Coronavirus: Airborne transmission cannot be ruled out, WHO says

Scientists have accused the WHO of underestimating the chance of airborne transmission

The World Health Organization has acknowledged there’s emerging evidence that the coronavirus can be spread by tiny particles suspended in the air.

The airborne transmission cannot be ruled out in crowded, closed or defectively ventilated settings, an official said.

If the evidence is confirmed, it could affect directions for indoor spaces.

An open letter from more than 200 scientists had accused the WHO of underestimating the chance of airborne transmission.

The WHO has up to now said that the virus is transmitted through droplets when people cough or sneeze.

“We wanted them to acknowledge the evidence,” Jose Jimenez, a chemist at the University of Colorado who signed the paper, told the Reuters news agency.

“This is definitely not an attack on the WHO. It’s a scientific debate, but we felt we needed to go public because they were refusing to hear the evidence after many conversations with them,” he said.

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Another signatory – Professor Benjamin Cowling of Hong Kong University – told the BBC the finding had “important implications”.

“In healthcare settings, if aerosol transmission poses a risk then we understand healthcare workers should really be wearing the best possible preventive equipment… and actually the World Health Organization said that one of the reasons they were not keen to talk about aerosol transmission of Covid-19 is because there’s not a sufficient number of these kind of specialised masks for many parts of the world,” he said.

“And in the community, if we’re thinking about aerosol transmission being a particular risk, then we need to think about how to prevent larger super spreading events, larger outbreaks and those occur in indoor environments with poor ventilation, with crowding and with prolonged close contact.”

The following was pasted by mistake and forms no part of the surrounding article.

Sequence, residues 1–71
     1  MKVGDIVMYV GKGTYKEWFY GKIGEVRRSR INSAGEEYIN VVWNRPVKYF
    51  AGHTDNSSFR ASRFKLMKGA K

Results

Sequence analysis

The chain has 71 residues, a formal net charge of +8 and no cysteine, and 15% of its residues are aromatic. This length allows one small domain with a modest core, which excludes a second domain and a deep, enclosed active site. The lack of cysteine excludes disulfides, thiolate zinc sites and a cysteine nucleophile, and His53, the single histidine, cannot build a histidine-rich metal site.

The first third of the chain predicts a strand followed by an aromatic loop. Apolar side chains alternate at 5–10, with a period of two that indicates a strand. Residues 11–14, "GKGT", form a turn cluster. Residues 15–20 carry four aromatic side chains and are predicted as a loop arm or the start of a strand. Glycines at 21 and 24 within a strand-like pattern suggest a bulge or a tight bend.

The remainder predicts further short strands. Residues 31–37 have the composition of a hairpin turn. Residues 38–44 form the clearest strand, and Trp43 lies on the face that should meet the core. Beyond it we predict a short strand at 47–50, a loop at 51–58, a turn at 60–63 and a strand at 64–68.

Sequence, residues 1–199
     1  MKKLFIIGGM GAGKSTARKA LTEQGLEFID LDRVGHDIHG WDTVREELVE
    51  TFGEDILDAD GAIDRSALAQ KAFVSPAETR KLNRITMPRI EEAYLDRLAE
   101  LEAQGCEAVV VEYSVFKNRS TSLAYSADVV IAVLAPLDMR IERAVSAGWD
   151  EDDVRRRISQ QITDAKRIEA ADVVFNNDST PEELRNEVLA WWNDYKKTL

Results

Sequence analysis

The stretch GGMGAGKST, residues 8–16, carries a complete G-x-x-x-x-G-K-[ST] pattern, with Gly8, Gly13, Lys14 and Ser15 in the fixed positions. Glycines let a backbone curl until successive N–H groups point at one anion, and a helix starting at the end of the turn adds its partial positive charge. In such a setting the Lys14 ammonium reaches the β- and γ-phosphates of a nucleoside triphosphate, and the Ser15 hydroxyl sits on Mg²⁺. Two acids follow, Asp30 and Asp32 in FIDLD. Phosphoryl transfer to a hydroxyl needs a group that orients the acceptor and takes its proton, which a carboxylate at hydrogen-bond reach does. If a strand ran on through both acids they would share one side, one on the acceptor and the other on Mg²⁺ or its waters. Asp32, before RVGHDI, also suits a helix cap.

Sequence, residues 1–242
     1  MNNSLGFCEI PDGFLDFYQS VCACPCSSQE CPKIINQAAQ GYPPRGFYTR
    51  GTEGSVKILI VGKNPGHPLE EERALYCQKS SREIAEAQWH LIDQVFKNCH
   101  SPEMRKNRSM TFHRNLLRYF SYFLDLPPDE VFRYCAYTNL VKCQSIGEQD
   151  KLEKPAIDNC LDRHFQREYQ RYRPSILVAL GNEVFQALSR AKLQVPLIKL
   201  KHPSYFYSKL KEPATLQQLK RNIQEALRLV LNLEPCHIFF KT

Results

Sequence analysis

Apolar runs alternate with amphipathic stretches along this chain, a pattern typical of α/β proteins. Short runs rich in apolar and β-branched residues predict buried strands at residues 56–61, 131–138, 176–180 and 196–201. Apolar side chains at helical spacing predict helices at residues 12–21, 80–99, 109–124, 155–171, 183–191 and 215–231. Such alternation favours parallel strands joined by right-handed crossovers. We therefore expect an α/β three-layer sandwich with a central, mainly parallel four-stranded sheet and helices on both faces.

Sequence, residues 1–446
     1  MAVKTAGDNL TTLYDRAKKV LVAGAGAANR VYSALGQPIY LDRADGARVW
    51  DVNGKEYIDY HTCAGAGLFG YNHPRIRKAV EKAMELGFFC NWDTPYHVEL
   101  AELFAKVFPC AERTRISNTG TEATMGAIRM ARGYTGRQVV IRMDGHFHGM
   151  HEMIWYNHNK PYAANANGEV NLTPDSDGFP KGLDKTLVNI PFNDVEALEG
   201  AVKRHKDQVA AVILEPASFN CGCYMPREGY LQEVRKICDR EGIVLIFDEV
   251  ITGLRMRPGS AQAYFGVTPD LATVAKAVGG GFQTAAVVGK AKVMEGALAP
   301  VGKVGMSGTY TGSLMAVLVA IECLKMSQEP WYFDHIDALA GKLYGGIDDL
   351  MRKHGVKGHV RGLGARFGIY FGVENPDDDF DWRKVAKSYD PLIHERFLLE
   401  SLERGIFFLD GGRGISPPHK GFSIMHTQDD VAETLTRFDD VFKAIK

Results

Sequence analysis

WHO officials have cautioned the evidence is preliminary and requires further assessment.

Benedetta Allegranzi, the WHO’s technical lead for disease prevention and control, said that evidence emerging of airborne transmission of the coronavirus in “crowded, closed, poorly ventilated settings that have been described, cannot be ruled out”.

A shifting position?

Imogen Foulkes, BBC News in Geneva

For months, the WHO has insisted that Covid-19 is transmitted via droplets emitted when people cough or sneeze. Droplets that not linger in the air, but fall onto surfaces – that’s why handwashing has been identified as a vital prevention measure.

But 239 boffins from 32 countries do not agree: they do say there is strong evidence to suggest the herpes virus can also spread in the air: through much tinier particles that float around for hours after people talk, or breathe out.

Today the WHO admitted there was evidence to suggest this was possible in specific settings, such as for example enclosed and crowded spaces.

That evidence must be thoroughly evaluated, but if it is confirmed, the suggestions about how to prevent the herpes virus spreading may need to change, and might lead to more widespread usage of masks, and much more rigorous distancing, especially in bars, restaurants, and on public transport.

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